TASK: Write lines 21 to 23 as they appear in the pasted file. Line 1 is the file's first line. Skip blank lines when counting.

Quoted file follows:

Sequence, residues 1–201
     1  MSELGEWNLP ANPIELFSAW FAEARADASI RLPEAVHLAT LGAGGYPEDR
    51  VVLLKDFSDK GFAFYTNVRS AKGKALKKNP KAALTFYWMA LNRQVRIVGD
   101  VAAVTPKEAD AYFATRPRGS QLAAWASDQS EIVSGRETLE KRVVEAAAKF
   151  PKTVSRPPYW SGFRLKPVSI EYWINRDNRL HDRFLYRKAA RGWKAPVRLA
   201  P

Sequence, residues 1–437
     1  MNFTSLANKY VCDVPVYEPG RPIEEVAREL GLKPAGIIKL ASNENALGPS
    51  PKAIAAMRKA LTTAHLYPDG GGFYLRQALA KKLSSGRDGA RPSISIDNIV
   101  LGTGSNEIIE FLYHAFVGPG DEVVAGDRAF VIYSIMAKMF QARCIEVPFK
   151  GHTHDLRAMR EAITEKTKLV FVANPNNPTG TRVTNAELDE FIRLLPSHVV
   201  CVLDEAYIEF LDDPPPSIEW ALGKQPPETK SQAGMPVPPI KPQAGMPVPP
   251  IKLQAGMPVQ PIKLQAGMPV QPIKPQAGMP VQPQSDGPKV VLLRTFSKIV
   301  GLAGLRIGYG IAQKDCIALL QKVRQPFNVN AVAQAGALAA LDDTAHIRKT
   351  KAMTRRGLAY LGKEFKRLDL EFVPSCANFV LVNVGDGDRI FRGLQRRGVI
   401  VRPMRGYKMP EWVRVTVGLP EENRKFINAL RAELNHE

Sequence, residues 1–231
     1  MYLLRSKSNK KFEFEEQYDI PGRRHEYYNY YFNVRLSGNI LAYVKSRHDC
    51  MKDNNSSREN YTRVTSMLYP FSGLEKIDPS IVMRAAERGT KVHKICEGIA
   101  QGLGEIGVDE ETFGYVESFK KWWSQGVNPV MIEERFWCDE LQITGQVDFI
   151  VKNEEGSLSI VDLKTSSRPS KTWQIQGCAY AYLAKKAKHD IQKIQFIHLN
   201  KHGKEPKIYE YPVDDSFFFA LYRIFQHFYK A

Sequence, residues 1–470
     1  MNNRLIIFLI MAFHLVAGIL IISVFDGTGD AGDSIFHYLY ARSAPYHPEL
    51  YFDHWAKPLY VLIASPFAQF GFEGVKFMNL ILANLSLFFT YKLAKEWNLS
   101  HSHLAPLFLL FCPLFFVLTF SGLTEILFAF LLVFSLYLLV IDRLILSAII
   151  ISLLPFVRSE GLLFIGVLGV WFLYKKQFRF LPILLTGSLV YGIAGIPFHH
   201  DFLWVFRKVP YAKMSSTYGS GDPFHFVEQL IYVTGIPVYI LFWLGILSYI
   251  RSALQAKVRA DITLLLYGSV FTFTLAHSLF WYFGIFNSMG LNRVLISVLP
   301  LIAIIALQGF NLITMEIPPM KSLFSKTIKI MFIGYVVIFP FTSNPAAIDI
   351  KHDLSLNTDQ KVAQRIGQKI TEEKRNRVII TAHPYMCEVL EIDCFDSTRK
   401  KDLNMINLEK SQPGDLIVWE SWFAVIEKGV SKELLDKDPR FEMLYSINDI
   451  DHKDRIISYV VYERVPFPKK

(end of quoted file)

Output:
   151  VKNEEGSLSI VDLKTSSRPS KTWQIQGCAY AYLAKKAKHD IQKIQFIHLN
   201  KHGKEPKIYE YPVDDSFFFA LYRIFQHFYK A

Sequence, residues 1–470